What About the Endgame?
As you know, not every game is decided by a tactical shot in the middlegame, or an opening trap! I believe there is great value in players of all levels learning to play fundamental, level appropriate endgames. It helps with confidence during the games, it helps students understand what they’re aiming for, and it helps them better understand the properties of each individual piece. I want to talk about some of the tools that are available for children to improve their endgame skill.
If you have a child rated 0–1500 who likes to study independently, I strongly recommend the programs Chess Tutor Step 1, Chess Tutor Step 2, and Chess Tutor Step 3. If you google chess tutor EU (European Union, I think) you will find it. These are designed to complement the Steps workbooks, but they also have some fantastic endgame positions for the student to play out against the computer. We are not talking about learning endgame theory, rather learning how to apply the principles in practice: One piece dominating another one, activating the king, creating a passed pawn, etc. You can find examples in all three Chess Tutors (1, 2, and 3) under the “play” section.
If your child likes to read chess books, either independently or with a parent, I recommend Jeff Coakley’s green book, Winning Chess Strategy for Kids. In addition to some useful endgame theory (Rook vs. Pawn, King and Pawn Endings, Fundamental King and Rook Endings) there are great examples of endgame strategy. There is one lesson called “Super King” that really memorably demonstrates the power of king activity in an otherwise normal endgame. I’ve noticed that when students study these lessons, they are able to apply the concepts themselves in tournament games.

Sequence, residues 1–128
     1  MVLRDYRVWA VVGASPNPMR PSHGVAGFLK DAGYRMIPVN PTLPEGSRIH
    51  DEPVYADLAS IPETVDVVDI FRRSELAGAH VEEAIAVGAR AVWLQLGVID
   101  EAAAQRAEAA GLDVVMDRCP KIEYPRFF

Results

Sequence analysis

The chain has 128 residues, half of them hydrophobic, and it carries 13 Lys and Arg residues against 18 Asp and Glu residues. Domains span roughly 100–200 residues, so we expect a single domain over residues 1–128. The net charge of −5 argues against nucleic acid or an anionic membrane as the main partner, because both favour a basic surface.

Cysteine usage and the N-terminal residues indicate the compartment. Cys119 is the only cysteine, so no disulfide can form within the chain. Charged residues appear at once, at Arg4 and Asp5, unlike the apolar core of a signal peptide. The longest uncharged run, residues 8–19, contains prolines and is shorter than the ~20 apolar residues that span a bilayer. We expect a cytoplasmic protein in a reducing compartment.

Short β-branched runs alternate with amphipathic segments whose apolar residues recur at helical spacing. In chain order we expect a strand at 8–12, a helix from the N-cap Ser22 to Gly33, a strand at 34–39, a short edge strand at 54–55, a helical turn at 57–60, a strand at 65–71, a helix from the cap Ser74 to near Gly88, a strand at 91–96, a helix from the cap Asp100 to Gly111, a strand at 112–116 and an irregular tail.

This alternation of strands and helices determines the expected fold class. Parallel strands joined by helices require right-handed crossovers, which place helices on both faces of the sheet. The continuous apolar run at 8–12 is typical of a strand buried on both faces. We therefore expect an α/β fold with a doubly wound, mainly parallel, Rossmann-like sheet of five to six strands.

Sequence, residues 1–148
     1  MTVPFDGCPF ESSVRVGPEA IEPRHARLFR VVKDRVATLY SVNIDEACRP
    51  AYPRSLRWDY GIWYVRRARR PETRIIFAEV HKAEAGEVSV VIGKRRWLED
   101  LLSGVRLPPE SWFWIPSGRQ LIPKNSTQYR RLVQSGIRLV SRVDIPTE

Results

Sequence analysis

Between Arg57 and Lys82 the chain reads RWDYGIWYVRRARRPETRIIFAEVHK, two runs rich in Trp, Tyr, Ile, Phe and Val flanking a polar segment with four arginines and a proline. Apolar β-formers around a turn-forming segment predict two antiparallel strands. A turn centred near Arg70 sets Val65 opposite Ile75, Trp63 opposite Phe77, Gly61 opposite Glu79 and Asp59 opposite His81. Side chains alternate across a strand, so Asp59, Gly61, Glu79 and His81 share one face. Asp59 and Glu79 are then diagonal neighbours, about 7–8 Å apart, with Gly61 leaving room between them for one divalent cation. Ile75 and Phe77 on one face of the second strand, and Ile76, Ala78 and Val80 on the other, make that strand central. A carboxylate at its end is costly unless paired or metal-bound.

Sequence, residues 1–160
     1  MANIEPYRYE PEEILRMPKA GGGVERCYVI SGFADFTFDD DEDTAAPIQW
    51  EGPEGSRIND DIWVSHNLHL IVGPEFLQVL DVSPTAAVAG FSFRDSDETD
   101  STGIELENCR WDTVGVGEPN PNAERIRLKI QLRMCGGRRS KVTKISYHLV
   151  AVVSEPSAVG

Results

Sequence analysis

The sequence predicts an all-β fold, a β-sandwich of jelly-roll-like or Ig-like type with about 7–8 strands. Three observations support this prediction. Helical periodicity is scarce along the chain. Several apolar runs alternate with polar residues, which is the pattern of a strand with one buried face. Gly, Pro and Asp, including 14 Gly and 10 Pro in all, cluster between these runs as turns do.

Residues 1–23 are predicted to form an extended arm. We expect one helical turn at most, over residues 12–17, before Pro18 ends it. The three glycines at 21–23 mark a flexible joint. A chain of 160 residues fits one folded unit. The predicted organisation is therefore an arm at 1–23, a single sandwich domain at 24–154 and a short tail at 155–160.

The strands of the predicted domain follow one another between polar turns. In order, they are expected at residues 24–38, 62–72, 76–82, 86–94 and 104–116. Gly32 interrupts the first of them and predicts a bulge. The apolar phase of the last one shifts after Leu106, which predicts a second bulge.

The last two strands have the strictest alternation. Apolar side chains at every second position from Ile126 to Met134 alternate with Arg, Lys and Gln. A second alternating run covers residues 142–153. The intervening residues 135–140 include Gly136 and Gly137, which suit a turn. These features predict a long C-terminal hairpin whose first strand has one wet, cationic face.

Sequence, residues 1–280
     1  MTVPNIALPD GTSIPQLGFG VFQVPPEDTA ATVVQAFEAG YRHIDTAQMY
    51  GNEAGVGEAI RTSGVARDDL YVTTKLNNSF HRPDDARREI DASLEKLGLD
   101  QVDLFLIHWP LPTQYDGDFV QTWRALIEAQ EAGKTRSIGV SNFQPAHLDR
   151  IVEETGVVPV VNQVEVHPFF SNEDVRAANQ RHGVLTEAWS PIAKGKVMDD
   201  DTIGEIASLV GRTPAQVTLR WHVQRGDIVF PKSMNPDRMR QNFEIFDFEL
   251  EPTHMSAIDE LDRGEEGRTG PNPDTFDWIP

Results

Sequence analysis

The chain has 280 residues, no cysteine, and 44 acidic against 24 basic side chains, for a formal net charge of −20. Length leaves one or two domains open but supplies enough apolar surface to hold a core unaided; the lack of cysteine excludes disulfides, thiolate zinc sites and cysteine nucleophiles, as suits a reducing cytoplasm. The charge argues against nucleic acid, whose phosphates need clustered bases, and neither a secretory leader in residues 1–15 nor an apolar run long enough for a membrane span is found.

On the topic of Jeff Coakley’s books, Winning Chess Exercises has some great endgame puzzles. After an IS318k student won a nice rook endgame to clich K-8 Nationals many years ago, he mentioned he remembered it from one of the puzzles Elizabeth showed him from that book!
For something a step up in difficulty, but still organized in a kid-friendly manner, check out Silman’s Complete Endgame Course. Organizing material by rating level makes a lot of sense; maybe more instructional books should follow this model. Early on, there is a lot of focus on ‘non theoretical’ endgames that kids benefit from learning, like how to win with a queen vs. a knight, queen vs. bishop, etc. A student who is passionate about endgames can study this book as deeply as they would like because of the clear, instructive explanations. Other useful books, pitched at a somewhat higher level, are Essential Chess Endings by James Howell, 100 Endgames You Must Know, by Jose De La Villa, and the thin Chess Stars book on the endgame by Makarov. I think it’s called “Library for Practical Players: The Endgame”.
I should mention that I once had a student who really loved endgames, and got totally absorbed in studying Endgame Strategy by Shereshevsky! It was never intended as a kids book, but he took detailed notes and made a massive leap in playing strength after studying the book. The book itself is indeed a timeless classic. Another good reminder — mindful, independent work on chess always pays off. And of course, the best endgame book is the one you will read!
Addendum: Artur Yusupov’s 9 book series from Quality Chess is fantastic. The early books are amazingly useful for intermediate tournament players, and the later books are challenging for practically anyone! These books have high quality training material on every single topic I have touched on: Tactics, Strategy, Positional Play, Openings, and Endgames.